On Friday night, I attended a screening of Pursuit of Equality, a documentary that focuses on Newsom and the “marriage month” that took place, by his direction, in San Francisco in early 2004. The film, produced and co-directed by Geoff Callan, Newsom’s brother-in-law, can be criticized as hagiography, but it captures and holds for posterity the vertiginous emotional journey of all involved: the mayor and his committed staff; the Repent America joes who camped out at City Hall in protest at what was going on; and, of course, the couples who traveled from (as the Mayor is liable to repeat) forty-eight states to become the first same-sex couples to marry, only to have their unions voided by the California Supreme Court.1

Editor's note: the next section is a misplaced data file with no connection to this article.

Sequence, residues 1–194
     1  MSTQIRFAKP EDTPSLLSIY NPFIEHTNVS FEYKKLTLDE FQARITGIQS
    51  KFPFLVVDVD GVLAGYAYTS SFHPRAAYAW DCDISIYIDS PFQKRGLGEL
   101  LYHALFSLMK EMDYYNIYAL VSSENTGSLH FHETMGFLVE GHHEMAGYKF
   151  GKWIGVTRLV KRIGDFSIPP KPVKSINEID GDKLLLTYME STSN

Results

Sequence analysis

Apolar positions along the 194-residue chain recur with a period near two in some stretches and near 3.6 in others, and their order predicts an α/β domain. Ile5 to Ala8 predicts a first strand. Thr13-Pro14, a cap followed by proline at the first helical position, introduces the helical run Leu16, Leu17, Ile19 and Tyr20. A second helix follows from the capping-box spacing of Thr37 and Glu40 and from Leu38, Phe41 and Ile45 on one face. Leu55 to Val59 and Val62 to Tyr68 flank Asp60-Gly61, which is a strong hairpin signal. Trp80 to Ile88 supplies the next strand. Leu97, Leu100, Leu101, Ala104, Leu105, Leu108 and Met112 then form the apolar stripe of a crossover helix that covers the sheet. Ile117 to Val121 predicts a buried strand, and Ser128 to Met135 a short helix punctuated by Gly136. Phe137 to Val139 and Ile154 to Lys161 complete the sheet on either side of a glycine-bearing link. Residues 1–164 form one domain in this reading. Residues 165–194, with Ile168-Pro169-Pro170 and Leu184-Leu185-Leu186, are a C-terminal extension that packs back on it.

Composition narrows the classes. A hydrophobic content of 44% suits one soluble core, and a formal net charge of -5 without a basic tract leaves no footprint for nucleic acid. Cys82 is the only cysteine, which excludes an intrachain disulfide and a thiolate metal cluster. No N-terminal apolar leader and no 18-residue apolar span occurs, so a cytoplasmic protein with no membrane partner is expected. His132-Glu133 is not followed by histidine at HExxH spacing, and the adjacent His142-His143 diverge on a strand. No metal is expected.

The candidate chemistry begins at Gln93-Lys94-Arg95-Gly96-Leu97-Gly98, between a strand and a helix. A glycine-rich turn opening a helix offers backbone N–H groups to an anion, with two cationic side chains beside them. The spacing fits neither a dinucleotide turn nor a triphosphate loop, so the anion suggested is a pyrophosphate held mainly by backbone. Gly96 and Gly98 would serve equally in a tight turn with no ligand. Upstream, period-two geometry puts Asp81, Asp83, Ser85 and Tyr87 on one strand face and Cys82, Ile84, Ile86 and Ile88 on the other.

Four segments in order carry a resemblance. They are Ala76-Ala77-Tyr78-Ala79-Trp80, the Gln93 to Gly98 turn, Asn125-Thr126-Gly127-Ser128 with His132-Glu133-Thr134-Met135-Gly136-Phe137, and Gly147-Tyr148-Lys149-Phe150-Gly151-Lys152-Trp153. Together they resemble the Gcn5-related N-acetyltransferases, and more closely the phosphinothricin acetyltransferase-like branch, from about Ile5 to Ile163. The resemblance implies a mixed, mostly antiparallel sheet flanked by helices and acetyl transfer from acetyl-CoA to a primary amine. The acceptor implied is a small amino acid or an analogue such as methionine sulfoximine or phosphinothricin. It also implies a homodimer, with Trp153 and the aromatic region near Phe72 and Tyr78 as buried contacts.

The film reminded me of the inspiration for Newsom’s act of civil disobedience (the best label for it, really). Just after taking office, he’d been invited by fellow Californian and now Speaker of the House Nancy Pelosi to attend the 2004 State of the Union address. The now (mercifully) Ex-President cooked up a stew of inane “priority items”: steroid use in baseball (I can’t make this up); the need for abstinence-only education; and, critically, the imagined urgency of passing a constitutional amendment banning same-sex marriage unions.